External doors are made of uPVC, aluminum, or wood, and the surfaces are frequently coated to assist extend their longevity and reducing maintenance owing to the weather conditions.
Internal Glazed Doors, on the other hand, aren’t always like that. The majority of internal doors are constructed of wood and are either unfinished, painted, or varnished. Some internal doors require a little more TLC than others, depending on the color of the door and the amount of foot traffic at the entrance.
We’ve put together this step-by-step tutorial on how to clean interior doors at home, in which we reveal some of our finest tricks and suggestions for extending the life of your internal doors.
What is the most effective method for cleaning internal doors?
Internal doors must be cleaned with caution to avoid being harmed by powerful chemicals. The cleaning procedure, on the other hand, is pretty straightforward.
Cleaning internal doors before and after
A shopping list for cleaning wooden doors
Before we get started on how to clean your internal doors, double-check that you have everything you’ll need. Cleaning internal doors is a breeze if you have the following items on hand:
Damp towel for dusting
Warm soapy water or multi-purpose spray
Towel or sponge (for multi-purpose spray) (for warm soapy water)
a clean towel
Varnish your work (extra)
Remove any dust from your inside doors before you begin cleaning them. Grab your duster and de-dust the door thoroughly.
Make sure the knobs, grooves, and the inside of the door where the hinges are, as well as the very top of the door where it meets the door frame, are all dust-free. Pay special attention cleaning the margins of the doors, as here is where the dust will settle the most.
After you’ve dusted the door, give it a good wipe down with a damp cloth. This is to guarantee that any dust on the door has been picked up and removed.
You have two options for the next step: spray the entire door with multi-purpose spray and wipe it clean with a clean cloth, or use warm soapy water and a sponge. Both methods yield the same results, therefore the choice of which to employ to clean your doors is entirely yours.
The next step is to use a clean dry towel to dry the door. To prevent water from sinking into the wood, completely dry every region of the door.
Using a moist towel, clean the inside door.
If your wooden door needs to be treated, you’ll need to buy varnish, wood oil, stain, or wax. Make sure the treatment you chose is appropriate for the wood type of your door, and then apply it to the door’s surface according to the manufacturer’s instructions.
To avoid drip marks, we recommend applying your treatment in small increments and performing a patch test first to evaluate how the product responds with your door.
Varnishes are thought to be bad for wooden doors, although this is a widespread myth. This isn’t the case at all. Doors made of solid wood will take varnish well. Even if it’s a composite or veneer door, the wood used is normally at least 1 millimeter thick. Because of this thickness, stains, varnishes, waxes, and oils will not enter the wood and into the glue.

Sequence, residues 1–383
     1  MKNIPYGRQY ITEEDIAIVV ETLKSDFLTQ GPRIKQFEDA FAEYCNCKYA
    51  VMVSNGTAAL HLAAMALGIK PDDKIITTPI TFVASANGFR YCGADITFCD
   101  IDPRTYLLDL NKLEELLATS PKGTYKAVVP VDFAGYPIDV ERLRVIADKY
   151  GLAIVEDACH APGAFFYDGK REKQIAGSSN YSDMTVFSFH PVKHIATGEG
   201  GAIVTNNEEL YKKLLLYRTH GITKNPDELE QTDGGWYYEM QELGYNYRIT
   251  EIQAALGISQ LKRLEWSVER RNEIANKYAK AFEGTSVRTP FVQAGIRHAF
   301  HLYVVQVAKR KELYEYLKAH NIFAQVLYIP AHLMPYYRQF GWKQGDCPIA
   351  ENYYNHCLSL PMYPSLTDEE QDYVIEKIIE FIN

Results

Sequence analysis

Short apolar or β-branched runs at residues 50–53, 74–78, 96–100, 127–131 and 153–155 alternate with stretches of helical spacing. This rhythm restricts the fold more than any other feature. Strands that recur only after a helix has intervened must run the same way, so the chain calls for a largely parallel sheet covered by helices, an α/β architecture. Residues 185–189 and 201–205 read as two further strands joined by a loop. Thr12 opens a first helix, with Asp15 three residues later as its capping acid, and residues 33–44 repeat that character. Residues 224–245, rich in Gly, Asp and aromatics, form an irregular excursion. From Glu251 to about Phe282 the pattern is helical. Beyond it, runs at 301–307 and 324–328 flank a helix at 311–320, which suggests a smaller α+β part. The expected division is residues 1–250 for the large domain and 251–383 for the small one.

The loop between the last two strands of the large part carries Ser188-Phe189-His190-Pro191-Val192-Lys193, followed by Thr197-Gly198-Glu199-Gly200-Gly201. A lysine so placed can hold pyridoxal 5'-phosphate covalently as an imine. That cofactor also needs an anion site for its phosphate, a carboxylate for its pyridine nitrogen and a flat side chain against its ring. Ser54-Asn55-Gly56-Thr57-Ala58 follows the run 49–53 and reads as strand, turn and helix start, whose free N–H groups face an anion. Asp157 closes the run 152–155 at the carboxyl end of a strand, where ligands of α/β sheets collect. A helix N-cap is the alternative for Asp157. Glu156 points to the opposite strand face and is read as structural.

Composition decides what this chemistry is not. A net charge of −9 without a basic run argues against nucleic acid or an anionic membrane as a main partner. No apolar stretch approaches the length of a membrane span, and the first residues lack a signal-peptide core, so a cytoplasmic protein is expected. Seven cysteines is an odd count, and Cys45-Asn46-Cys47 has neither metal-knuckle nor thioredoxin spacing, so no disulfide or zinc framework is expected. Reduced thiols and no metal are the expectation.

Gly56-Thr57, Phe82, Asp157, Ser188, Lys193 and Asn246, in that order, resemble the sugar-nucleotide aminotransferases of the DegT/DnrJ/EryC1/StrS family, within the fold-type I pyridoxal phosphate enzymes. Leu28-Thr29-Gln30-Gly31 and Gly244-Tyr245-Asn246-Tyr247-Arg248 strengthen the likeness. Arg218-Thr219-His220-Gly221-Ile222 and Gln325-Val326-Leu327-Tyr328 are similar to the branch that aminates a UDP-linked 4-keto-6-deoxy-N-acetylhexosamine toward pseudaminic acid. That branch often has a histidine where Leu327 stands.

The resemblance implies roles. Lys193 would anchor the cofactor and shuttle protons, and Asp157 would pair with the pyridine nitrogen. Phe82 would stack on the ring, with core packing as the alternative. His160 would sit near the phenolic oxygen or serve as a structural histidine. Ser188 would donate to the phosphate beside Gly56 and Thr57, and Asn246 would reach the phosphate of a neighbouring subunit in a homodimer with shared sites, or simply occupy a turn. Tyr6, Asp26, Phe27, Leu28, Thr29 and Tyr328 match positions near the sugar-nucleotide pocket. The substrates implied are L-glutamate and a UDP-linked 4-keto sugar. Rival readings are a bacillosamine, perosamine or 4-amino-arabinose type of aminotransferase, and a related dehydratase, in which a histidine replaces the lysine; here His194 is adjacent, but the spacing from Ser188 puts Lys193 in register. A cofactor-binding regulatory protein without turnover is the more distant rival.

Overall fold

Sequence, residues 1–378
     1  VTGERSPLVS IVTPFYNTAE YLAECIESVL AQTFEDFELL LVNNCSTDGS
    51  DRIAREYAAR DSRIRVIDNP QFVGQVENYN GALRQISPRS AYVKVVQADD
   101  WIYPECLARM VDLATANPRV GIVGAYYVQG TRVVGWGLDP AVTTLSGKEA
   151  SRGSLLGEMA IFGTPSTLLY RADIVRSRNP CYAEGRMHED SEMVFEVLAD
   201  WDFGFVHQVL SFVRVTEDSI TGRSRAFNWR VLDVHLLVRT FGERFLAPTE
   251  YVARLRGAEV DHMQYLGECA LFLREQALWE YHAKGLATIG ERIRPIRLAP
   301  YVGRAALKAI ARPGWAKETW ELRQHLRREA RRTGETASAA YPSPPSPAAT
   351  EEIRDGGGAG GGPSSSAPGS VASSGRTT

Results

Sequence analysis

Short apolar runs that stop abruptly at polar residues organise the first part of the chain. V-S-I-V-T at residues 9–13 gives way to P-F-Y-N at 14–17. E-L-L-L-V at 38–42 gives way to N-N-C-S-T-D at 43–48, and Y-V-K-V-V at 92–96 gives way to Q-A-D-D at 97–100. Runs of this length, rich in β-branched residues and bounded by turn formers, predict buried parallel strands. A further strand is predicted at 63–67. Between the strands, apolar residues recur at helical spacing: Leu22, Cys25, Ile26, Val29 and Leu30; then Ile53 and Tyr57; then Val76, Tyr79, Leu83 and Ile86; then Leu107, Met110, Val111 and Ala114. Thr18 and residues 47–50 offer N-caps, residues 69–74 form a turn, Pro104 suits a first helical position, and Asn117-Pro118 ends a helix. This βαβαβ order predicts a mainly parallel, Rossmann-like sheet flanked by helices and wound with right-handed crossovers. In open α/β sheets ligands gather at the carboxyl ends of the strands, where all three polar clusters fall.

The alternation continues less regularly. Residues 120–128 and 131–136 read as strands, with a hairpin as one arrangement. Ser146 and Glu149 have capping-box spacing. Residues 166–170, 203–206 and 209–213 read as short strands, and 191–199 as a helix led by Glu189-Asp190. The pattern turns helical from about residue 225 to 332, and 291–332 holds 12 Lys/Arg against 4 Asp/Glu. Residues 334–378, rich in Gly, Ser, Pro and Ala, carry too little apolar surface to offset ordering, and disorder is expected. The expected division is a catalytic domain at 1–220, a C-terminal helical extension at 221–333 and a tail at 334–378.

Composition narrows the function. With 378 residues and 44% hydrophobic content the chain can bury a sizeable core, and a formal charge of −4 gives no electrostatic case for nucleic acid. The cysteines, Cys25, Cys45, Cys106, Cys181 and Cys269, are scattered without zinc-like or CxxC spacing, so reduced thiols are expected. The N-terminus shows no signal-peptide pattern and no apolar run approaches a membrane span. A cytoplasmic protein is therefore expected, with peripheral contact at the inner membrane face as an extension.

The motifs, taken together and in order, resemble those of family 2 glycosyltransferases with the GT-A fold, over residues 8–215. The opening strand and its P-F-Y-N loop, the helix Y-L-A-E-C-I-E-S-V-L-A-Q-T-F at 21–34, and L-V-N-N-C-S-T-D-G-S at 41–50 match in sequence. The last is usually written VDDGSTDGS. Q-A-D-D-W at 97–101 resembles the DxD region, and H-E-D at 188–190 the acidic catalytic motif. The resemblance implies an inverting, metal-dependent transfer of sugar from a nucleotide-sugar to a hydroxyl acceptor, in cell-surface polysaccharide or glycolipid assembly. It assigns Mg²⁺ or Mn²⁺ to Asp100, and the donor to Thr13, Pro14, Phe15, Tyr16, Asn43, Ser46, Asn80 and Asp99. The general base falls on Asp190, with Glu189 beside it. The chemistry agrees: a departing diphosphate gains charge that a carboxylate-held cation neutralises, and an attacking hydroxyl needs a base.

If you have stubborn stains that won’t come out with a simple clean, consider dampening your cloth with a small bit of paint thinner. The stain should begin to lift if you massage the damp cloth into it in circular motions.
What is the best way to clean white painted wood?
Cleaning a white painted wooden door is comparable to cleaning an unpainted door, with the exception that you must be more cautious about the items you use.
Stick to using a soft sponge and warm soapy water to clean the door. After that, wipe the door down with a microfibre towel and clean, non-soapy water. The microfibre cloth will remove any filth from your door without scratching it. Using a clean dry cloth, dry the door.
Avoid anything that could cause the paint to bubble, flake off, or rub away. Bleach and other harsh chemicals will peel the paint from the wood.
Using a microfiber cloth to clean a white wooden door
To clean a varnished door, first, wipe away any dust, then use a moist cloth to wipe away any remaining grime. When using a damp towel to clean varnished doors, make sure to dry the door right away. Varnish isn’t waterproof, so if you don’t dry it right away, it will absorb the water.
Once your door is dry and clean, use solvent-based furniture polish on a dry soft cloth to restore the shine to your varnished door.
Internal doors, although not being exposed to the elements, are among the dirtiest portions of our homes. Our internal doors can become rather mucky as a result of foot traffic, with dirty hands and shoes touching the surface.
It’s critical to do necessary maintenance on all of your internal doors in order to increase the longevity and overall cleanliness of your door. We hope that by following our instructions, you will be able to clean your internal doors thoroughly and carefully.